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epilogue
chapter 23
chapter 22
chapter 21
chapter 20
chapter 19
chapter 18
chapter 17
chapter 16
chapter 15
chapter 14
chapter 13
chapter 12
chapter 11
chapter 10
chapter 9
chapter 8
chapter 7
chapter 6
chapter 5
chapter 4
chapter 3
chapter 2
chapter 1

The Famous Five: The Final Adventure.
A Tribute to Enid Blyton.

Chapter 14.
The Strange Metal Room.

It was nine o'clock by the time the five left the Hotel. All were wrapped in warm, dark clothes as Julian had instructed. The rain was falling quite heavily, but the No. 14 bus came trundling along, thankfully, after only a few minutes wait.
   Anne was following behind George as they climbed the steps to the top deck. "Your shoulders look really huge with all that rope wrapped around you," she said, trying to hold back the laughter.
   "Now are you sure you want to go through with this?" said Julian, turning to George after they had taken their seats.
   "Listen," said George, getting slightly annoyed, "we have already discussed this. You and Dick are far too heavy to climb the drainpipe, so who else is going to do it?"
   "I know, George. But I feel kind of responsible."
   "Don't fuss so, Julian, everything will be fine."
   The bus drove through the heart of The West End. Piccadilly Circus was unusually void of pedestrians, probably due to the rain. The famous Coca-Cola sign flashed in the background: the blues, reds and yellows reflecting off of the wet pavement, road and car roofs.
   'The Tower of London' finally came into view. From the top of the bus the children could see 'The White Tower', and the surrounding walls, bathed in floodlights.
   "St. Katherine's Dock," called out the conductor, as the bus crossed Tower Bridge Road.
   Most of the shops were still open, hoping for late tourists shopping for souvenirs. The rain slowed to a light drizzle as the five made their way to the boathouse and stood in the shadows.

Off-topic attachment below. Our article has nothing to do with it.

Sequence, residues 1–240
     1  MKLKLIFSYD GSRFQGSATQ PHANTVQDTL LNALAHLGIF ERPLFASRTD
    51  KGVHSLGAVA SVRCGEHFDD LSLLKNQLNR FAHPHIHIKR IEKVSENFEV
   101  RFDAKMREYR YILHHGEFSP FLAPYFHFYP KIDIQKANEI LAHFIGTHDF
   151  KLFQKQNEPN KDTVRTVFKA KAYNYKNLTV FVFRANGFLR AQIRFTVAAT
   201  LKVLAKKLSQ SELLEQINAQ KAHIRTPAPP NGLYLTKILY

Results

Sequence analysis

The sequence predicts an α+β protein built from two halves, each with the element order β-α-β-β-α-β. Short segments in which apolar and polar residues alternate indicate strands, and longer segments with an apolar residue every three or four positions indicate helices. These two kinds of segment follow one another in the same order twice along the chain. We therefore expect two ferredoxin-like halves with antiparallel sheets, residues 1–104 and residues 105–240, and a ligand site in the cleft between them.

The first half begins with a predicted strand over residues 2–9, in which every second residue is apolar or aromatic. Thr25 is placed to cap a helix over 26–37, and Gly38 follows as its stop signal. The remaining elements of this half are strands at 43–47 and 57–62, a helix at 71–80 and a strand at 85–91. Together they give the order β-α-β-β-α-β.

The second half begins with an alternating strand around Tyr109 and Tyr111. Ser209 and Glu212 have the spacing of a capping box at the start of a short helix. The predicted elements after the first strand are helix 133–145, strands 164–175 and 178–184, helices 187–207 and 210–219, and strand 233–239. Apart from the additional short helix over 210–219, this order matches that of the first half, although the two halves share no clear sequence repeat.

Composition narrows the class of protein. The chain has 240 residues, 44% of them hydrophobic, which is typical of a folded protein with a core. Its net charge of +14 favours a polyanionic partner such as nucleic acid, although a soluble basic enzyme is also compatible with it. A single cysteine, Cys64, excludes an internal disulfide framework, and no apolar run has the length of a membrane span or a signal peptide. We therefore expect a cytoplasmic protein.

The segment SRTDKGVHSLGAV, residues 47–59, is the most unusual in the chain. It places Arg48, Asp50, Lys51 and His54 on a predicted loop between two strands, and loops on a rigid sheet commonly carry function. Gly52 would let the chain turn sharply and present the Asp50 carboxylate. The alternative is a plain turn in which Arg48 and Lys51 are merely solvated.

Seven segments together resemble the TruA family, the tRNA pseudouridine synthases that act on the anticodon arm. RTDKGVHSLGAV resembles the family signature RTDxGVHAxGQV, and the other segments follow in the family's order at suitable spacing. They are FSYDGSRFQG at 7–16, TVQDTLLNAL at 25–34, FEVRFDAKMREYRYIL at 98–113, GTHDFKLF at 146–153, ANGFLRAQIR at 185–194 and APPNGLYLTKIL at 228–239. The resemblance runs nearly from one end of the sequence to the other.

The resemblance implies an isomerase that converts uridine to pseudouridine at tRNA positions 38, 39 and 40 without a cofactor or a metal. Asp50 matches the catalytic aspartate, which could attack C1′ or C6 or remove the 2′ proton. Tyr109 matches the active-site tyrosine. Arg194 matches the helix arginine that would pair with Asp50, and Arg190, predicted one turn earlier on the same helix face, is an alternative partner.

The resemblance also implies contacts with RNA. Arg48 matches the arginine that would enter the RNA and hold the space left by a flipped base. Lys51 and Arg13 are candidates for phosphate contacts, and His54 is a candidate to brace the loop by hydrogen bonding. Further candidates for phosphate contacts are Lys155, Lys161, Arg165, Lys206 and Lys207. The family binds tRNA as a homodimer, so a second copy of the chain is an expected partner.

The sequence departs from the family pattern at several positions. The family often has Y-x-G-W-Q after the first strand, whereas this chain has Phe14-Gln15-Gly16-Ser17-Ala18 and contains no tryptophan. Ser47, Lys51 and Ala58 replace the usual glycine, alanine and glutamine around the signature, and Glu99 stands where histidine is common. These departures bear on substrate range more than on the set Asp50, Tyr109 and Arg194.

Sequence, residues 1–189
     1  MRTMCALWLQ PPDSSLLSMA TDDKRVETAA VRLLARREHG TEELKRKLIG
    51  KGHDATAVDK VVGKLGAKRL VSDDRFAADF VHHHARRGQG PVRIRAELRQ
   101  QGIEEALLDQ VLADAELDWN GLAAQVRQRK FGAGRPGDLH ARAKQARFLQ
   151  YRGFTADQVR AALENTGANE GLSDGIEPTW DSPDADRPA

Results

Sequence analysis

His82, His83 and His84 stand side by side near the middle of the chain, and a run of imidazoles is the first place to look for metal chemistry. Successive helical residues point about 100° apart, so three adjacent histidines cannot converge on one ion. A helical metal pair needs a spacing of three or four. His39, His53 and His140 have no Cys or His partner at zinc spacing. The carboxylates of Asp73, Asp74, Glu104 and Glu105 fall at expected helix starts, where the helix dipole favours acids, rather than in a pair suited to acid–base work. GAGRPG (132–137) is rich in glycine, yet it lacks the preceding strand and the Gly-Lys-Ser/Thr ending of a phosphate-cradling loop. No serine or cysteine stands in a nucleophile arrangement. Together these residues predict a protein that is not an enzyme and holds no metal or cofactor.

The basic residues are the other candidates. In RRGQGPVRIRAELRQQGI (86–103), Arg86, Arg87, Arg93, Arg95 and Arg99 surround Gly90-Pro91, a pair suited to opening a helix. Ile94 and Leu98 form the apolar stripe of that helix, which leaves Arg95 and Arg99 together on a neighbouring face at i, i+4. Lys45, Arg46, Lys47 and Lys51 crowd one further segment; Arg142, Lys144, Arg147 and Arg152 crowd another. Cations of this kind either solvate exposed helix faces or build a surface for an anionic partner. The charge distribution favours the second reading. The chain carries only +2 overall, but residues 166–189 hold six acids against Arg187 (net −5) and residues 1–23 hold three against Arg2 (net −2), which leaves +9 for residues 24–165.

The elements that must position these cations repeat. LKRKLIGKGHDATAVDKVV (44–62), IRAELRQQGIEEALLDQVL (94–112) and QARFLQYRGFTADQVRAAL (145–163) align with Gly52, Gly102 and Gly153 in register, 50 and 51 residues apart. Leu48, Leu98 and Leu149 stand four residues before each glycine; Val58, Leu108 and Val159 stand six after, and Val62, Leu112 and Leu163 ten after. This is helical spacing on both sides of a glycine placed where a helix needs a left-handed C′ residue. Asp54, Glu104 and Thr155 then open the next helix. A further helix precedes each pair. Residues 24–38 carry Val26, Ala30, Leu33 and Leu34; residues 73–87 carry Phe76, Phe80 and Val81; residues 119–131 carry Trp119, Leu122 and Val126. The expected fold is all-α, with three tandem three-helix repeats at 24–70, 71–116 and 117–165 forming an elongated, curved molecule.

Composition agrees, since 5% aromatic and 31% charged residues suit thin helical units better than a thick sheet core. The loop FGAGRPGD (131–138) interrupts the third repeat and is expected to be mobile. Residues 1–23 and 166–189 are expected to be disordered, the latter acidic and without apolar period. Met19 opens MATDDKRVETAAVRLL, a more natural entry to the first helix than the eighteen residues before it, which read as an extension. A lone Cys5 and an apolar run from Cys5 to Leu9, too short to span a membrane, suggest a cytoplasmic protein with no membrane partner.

Julian looked around, spotted a café and saw that it was still open. "We shouldn't all stand here drawing attention to ourselves. I would like Dick and Anne to take Timmy and go and sit in the café. Order a coffee and hamburger, or something. I will stay here until George is safely inside."
   As Dick and Anne led Timmy away, George took off her coat. "Would you please look after this for me, Julian. I think it might get in the way."
   She unwrapped the rope, coiled it up and hung it over her shoulder before shinning up the drainpipe like a monkey. Julian caught his breath once as she missed her footing halfway up, but she easily regained her balance. Transferring from the drainpipe to the window opening was a little tricky. George lent over, grasped the window ledge, swung her legs across and, by clawing for a grip with her feet and pulling hard with her arms, she was soon astride the sill.
   She sat there for a few moments to regain her breath.
   Feeling for her torch and shining it through the window, George found, to her surprise, she was looking into a very dusty loft. There was only a short drop to the floor and in the corner she could see a trap door. George jumped down and silently padded to the corner of the loft, lifted up the hinged door and lent it against the far wall. A ladder, fixed to the wall below, gave access to the boathouse beneath.
   "Bringing this rope was a waste of time." She grumbled to herself, and placed it on the floor by her feet. She was soon down the ladder and standing in the room below. By torchlight George picked out a table and four chairs in the centre of the room. Directly opposite was the door to the outside. Next to this, hanging on the wall, were coils of rope and a lifebuoy reminding George, as they always did, of a huge polo-mint.
   The wall to her left was bare, save for a large piece of sacking nailed at the top and hanging down almost to the floor.
   To her right, leaning against the wall, keel outermost, was an old rowing boat in a bad state of repair.